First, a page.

Did You Know? - The North Magnetic Pole's on the move
The Geographic North Pole sits on top of the world at latitude 90 degrees North. But the North Magnetic Pole (which a compass needle points to) is further south, at 85 degrees North - at least for now. It won't be sticking around though.
Heading for Siberia
The North Magnetic Pole is moving north, at about 40km per year. In the past 100 years it has travelled about 1,100 km. At that rate it will be in Siberia in 50 years.
Magnetic, but unpredictable
But no one knows whether the pole will keep travelling at the same speed. It might slow down. It might even head off in another direction.
A world attraction
Imagine a bar magnet with one end in the northern hemisphere and the other in the southern hemisphere, with its middle crossing the centre of the earth. When you're standing over the north end of it you're at the North Magnetic Pole.
Plugged in at the centre of the earth
The earth's core is mostly molten iron. There's so much pressure down there, squeezing the molecules together, that that the inner core is solid. It doesn't rotate at the same speed as the outer core. The outer core is boiling liquid iron, and the lighter elements rise while the heavier ones sink, like grains of rice in boiling soup. All that commotion generates electrical currents, like rubbing your foot on a carpet. This creates a magnetic field.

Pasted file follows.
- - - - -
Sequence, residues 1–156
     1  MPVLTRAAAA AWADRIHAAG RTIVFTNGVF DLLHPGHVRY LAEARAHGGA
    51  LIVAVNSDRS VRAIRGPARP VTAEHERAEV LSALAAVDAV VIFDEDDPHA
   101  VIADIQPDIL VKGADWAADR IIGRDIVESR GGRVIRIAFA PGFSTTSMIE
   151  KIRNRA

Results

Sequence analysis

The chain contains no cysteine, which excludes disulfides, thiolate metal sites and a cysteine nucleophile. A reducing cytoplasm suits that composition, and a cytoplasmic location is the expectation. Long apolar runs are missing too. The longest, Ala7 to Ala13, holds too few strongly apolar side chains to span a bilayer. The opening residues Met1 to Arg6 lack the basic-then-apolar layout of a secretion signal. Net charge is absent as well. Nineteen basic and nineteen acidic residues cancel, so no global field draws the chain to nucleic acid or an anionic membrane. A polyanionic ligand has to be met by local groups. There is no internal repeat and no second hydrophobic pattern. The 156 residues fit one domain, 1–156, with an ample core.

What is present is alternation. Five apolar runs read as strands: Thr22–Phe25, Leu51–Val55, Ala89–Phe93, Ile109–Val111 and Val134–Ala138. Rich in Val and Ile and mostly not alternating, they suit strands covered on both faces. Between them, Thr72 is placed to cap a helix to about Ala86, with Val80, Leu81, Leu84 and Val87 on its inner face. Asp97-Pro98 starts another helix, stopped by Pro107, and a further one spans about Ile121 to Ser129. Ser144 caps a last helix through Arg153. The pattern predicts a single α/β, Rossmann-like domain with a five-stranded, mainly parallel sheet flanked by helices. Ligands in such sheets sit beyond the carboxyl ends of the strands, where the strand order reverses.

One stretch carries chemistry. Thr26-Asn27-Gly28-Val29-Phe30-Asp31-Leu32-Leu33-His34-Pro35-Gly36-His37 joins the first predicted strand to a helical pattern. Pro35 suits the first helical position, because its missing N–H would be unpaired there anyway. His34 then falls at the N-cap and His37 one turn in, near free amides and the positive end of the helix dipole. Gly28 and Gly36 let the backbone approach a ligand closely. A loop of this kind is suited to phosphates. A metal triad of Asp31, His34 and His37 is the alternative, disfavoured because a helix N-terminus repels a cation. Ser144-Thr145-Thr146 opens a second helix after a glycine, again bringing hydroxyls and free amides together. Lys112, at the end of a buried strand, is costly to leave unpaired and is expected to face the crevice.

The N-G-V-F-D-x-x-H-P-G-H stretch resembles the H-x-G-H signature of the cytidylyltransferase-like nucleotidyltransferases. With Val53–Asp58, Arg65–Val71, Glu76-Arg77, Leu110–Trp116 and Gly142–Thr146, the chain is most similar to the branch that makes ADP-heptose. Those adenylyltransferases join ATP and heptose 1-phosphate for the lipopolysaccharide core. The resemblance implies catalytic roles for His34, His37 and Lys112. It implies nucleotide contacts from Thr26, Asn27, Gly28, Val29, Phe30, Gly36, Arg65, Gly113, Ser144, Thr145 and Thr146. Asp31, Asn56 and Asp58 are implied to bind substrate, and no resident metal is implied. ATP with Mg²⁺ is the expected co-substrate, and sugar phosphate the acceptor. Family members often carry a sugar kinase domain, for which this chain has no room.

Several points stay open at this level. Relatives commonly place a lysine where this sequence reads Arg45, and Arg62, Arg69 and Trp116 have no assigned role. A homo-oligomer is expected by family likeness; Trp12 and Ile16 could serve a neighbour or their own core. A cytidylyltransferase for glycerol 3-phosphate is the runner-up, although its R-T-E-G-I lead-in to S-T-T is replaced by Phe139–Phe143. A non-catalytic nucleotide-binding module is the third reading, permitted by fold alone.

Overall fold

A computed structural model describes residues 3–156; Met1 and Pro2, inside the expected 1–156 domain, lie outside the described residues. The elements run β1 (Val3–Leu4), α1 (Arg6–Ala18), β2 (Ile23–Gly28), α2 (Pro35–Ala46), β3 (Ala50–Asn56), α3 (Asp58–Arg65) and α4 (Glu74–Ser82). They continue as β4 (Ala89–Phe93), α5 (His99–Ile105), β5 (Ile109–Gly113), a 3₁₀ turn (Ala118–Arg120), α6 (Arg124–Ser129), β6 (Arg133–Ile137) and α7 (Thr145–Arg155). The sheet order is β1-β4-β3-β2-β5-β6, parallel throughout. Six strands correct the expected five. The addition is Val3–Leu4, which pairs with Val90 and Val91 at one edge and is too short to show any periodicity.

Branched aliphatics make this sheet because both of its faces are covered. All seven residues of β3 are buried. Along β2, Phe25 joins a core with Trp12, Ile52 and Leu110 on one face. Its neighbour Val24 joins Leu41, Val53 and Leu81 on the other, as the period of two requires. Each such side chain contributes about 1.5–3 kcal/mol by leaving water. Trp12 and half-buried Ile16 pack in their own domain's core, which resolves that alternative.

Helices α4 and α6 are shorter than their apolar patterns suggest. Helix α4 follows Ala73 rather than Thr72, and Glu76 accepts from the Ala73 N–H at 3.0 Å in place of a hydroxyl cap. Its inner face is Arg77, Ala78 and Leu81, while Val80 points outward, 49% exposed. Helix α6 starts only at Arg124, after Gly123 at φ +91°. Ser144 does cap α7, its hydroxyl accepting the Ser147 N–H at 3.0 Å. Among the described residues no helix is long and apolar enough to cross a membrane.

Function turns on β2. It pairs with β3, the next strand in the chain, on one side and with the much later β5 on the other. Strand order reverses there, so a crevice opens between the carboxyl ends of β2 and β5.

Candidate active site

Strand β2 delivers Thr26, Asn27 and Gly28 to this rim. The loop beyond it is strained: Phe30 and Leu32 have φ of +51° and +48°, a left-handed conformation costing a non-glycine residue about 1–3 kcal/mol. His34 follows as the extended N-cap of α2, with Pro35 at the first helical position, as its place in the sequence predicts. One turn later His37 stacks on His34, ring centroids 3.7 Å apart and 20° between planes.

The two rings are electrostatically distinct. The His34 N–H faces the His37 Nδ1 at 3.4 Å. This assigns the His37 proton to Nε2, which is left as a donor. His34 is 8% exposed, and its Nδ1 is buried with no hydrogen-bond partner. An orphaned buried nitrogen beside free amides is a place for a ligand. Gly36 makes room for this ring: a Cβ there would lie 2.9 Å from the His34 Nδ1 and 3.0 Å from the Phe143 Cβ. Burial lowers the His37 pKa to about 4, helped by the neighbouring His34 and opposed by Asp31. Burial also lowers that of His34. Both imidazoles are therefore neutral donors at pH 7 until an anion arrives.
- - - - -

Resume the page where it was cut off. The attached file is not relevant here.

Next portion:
The earth's magnetic field (credit: Natural Resoures Canada)
Okay, but why is the magnetic pole moving?
There are probably a few different causes. It has to do with the way the magnetism is generated.
Well that's not much of an answer!
All this is happening thousands of kilometres below your feet. It's a long way down, there is tremendous pressure, and then there's the temperature -- 4800 degrees Celsius, to be exact. Nobody has gone down to check it out yet. Any volunteers?
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